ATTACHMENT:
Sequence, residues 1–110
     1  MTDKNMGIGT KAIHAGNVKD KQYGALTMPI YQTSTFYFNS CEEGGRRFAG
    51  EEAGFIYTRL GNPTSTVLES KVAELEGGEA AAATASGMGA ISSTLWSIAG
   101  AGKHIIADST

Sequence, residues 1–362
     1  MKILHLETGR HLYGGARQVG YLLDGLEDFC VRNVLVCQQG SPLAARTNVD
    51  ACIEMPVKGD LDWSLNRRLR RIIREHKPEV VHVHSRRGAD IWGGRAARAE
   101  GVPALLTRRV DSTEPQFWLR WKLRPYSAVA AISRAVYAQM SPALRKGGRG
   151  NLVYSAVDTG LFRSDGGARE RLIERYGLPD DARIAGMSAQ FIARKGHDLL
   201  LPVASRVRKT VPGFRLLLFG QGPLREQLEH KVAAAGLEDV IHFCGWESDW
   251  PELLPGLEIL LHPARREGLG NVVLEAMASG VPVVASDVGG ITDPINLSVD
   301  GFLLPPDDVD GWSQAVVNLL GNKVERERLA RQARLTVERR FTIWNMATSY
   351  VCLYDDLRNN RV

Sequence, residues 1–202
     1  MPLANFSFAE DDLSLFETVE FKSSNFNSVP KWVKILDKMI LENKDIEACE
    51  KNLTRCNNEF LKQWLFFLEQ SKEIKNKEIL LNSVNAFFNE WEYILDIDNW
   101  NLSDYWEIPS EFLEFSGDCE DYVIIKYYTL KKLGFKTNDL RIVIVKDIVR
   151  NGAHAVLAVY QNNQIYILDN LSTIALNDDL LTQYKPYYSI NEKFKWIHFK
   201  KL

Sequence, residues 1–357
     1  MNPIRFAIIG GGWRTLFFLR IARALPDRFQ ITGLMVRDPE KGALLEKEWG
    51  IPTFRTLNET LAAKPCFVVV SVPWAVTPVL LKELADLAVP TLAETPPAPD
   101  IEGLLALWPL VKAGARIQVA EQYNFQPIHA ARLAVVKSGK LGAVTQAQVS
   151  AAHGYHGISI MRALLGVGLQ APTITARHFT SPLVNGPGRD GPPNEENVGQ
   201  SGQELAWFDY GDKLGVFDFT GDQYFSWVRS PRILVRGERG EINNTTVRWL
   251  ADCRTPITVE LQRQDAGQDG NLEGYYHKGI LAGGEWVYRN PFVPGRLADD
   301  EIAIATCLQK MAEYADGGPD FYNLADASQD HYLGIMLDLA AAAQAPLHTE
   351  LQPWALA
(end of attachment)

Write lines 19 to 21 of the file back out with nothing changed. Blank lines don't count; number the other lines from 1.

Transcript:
   201  KL

Sequence, residues 1–357
     1  MNPIRFAIIG GGWRTLFFLR IARALPDRFQ ITGLMVRDPE KGALLEKEWG